If I really don't like a book, is there any point in reviewing it? So far I've only written about one book that I didn't like at all. If other people like a book and I don't, then the odds are that either I just haven't understood the book or that the rewards it offers are something for a different audience. In the future, I may just not write about a book I dislike, perhaps find something to put in place of a review. For now I hope that the descriptive parts of the review below will be enough to tell a reader if the book might interest them. It seems from the internet to be a popular book, so my own lack of enjoyment is doubtless just a personal reaction.
麦の海に沈む果実 (mugi no umi ni shizumu kajitsu, Fruit Sinking in a Sea of Wheat, 2000) is a novel by 恩田 陸 (ONDA Riku, born 1964). Fourteen year old Rise (理瀬) travels by train to her new school, a private boarding school for middle and high school students that stands on an isolated hill in the middle of uninhabited fen country. The book is written in the third person, but a prologue indicates that the narrator is actually Rise, whom we follow throughout the narrative. In form at least, the book is a mystery, but it might be better to call it a kind of horror story. (That said, I dislike reading about boarding schools so much, that the Jennings books would probably register with me as horror stories if I read them again.)
The school proves to be extremely unconventional, and full of mysteries. The headmaster dresses, very convincingly, as a woman. It is a school rule that home life effectively does not exist. Children must not ask about each others' backgrounds. All are assigned to new 'families' of fellow students. Another rule is that every student must enroll in March. This singles Rise out for unwanted attention, since she alone did not come to school in March, but on the last day of February. Two children in Rise's new family had gone missing last year; and the others debate how they could have disappeared and if they are alive or dead. In fact an unusual number of students disappear every year, which the headmaster explains as transfers to another school. Whatever happens in the school, the headmaster disposes of it as he chooses. Effectively it is his personal kingdom, and such things as an external police force might as well not exist.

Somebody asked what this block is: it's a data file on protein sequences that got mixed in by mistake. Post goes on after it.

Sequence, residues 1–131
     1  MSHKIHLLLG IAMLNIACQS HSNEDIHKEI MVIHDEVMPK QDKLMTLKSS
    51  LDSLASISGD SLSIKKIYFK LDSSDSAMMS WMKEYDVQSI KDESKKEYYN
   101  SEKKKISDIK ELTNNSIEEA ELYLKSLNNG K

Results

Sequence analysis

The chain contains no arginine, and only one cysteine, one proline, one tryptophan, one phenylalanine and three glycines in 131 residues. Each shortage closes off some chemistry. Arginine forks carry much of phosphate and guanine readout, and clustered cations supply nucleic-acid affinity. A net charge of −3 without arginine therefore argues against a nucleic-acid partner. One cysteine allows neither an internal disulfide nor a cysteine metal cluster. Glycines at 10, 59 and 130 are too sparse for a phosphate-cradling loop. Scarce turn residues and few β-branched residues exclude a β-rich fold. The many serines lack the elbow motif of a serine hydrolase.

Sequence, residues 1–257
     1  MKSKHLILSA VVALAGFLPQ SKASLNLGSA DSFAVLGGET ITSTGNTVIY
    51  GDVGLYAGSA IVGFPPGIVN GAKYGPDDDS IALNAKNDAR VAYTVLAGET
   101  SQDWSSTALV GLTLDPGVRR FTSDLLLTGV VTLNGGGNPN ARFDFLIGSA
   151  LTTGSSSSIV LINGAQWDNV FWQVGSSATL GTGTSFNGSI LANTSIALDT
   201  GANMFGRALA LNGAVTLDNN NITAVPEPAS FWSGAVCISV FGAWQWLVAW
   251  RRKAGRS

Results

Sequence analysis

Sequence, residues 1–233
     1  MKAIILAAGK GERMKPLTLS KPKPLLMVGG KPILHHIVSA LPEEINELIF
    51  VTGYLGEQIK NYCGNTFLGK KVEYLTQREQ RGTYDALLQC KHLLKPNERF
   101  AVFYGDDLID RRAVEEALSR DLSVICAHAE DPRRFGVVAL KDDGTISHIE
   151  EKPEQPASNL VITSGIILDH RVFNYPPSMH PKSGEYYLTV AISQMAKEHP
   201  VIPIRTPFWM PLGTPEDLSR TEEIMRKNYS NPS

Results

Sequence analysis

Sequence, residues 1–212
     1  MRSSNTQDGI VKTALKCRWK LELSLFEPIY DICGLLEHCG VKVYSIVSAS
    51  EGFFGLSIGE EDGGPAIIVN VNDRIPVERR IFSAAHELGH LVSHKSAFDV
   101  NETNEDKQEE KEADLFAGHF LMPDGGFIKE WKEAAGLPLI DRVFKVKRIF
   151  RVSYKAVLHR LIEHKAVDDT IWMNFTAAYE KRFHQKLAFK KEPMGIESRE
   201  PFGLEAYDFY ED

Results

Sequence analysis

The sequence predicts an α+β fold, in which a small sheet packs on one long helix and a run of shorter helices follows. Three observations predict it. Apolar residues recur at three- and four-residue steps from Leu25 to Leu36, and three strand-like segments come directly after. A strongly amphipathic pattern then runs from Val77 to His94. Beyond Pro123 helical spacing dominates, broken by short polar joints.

The various deaths and disappearances are handled a little like classical detective story puzzles; many of the conventions of the genre crop up. But it is clear enough that this is not meant to be treated as a classical detective story, and anyone doing so will only be disappointed. Unfortunately for me, it wasn't really clear how else to approach the story. A world full of things that don't make sense might be interesting enough if there was a reasonable expectation that they would make sense when we got to the end. I somehow didn't have that confidence, which perhaps saved me some disappointment, but made the 490 pages tedious work. It didn't help that none of the characters made sense to me either. Rise's role looks like an invitation to identification for young readers (she is bullied by the mean girls, admired by the popular boys while apparently unaware of her affect on them); but it is almost as if the book is an exercise in presenting a character as the heroine without giving them any actual personality.
From the appreciation at the end of the book, I gather that it is connected, in some kind of 'story within a story' game, to another book by Onda, 三月は深き紅の淵を (sangatsu ha fukaki kurenai no fuchi o, 1997), which I haven't read.